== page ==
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      • Hurricane applications programs were run on 30-min interval GOES IR imagery during 3 days of Hurricane Pauline. This was an East Pacific hurricane that intensified rapidly as it approached the coast of Mexico. The programs quantify intensity change and wind distribution from the IR cloud area time series.

     

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      • A program was developed which uses the NCEP’s global spectral model (AVN) with 2.5 degree grid spacing to plot the magnitude and direction of the vertical wind shear between two user defined levels. Quantifying vertical shear along the forecast track may aid in the forecast of hurricane intensity.

     

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      • A program was developed which uses the AVN model with 2.5 degree grid spacing to plot the magnitude and direction of the wind at a user defined level. Wind velocity is an essential ingredient in identifying the potential for hurricane formation.

     

       

    • A program was developed which uses the AVN model 2.5 degree grids to produce a vertical sounding of the average wind velocity calculated using model grid points within a user defined radius. The sounding includes 8 levels: 1000, 925, 850, 700, 500, 300, 200, and 150 mb. The program is currently being used at the Hurricane Research Division in Miami, FL and is also being used here at CIRA for hurricane research.
  • Extra Tropical Cyclones

    Lake Effect Snow (Grasso, Dostalek, Weaver)

      • National Weather Digest article on the 8-11 Dec 95 lake effect snow case study is in press for the December 1997 issue. The final case is now included as a paper in the new electronic section of the RAMM publications page as well as on the NWS Detroit, Michigan interactive training page.

     

      • SRSO imagery for 16 Jan 97 are being analyzed to determine time and spatial scales of elements within lake effect snow bands. Correlations between heaviest snow producing bands and water signatures on 3.9 mm imagery are also being studied.

     

    • The CSU/RAMS mesoscale model is being utilized to look at various aspects of lake effect snow events. Work is currently focused on using real data to simulate what is observed on 3.9 mm imagery and on band intensity and location.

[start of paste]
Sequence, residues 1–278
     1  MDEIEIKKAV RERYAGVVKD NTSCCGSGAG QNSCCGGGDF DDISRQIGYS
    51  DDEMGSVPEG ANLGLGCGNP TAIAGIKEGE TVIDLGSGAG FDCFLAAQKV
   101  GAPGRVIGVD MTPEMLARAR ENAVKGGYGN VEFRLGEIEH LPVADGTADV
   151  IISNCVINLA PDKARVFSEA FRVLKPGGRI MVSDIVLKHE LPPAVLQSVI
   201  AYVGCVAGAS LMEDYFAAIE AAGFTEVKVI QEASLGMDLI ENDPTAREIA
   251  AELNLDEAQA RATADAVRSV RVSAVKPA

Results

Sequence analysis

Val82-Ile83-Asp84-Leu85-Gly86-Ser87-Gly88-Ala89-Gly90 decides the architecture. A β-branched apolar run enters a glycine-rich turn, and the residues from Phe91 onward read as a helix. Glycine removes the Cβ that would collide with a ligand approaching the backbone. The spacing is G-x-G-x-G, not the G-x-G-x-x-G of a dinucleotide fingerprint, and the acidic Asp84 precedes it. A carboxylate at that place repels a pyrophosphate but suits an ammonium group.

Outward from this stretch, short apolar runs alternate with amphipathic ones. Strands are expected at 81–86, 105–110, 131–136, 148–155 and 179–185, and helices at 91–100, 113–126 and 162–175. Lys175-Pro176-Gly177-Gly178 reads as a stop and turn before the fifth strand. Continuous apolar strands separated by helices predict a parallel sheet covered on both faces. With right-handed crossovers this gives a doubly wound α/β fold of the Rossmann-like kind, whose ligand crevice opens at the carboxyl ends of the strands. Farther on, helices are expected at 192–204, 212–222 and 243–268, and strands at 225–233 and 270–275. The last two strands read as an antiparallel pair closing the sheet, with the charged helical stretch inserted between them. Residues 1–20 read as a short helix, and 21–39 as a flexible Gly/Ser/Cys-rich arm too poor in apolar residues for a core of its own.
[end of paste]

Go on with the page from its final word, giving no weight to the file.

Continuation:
• Natural Hazards

    Natural Hazards (Weaver, Connell)

      • Satellite data over volcanoes which erupted during the period May – Sep 1997 were reviewed for the detection of volcanic ash. Cases included Popocatepetl in Mexico, Pacaya in Guatemala, San Cristobal in Nicaragua, Sabancaya in Peru and Soufriere Hills in Montserrat. GOES-8 visible imagery, the 3.9/10.7 micrometer reflectivity product and the 10.7/12.0 micrometer difference product were used to identify the ash plumes.

     

       

    • A new satellite product for volcano detection is being developed and tested which combines the reflectivity product and the 10.7-12.0 difference product. Ash plumes were detected for the Popocatepetl volcano in Mexico and Soufreire Hills in Montserrat. Volcanoes in Central America primarily produce lava flows with very little ash cloud.

Research (Applied Development)


  • GOES Product Improvement

    GOES Product Improvement and Development (Hillger, Campbell, Combs)

    • Software for Principal Component Images (PCIs) has been developed for the standard RAMSDIS configuration. This software allows the generation of PCIs from 4 of the 5 GOES channels on the most recent images collected. The GOES channels and PCIs are displayed in previously unused frames and are accessed using a function key. Weighting functions can be added as well. The PCI products are being tested for availability as a RAMSDIS product for those requesting it. Plans are to distribute this product to one or two selected RAMSDIS sites for feedback as a cloud height discrimination product.
  • Soundings

    Soundings (Hillger, Campbell)

    • The Sounder RAMSDIS has been upgraded to include a nighttime-fog/daytime-reflectivity product similar to that generated from the GOES Imager. This product has been compared/contrasted to the Principal Component Image (PCI) products being generated hourly on the Sounder RAMSDIS. Some of the low/high cloud discriminations using the fog/reflectivity product are similar to those for the PCIs. In addition, pressure weighting functions for the PCIs aid in their interpretation.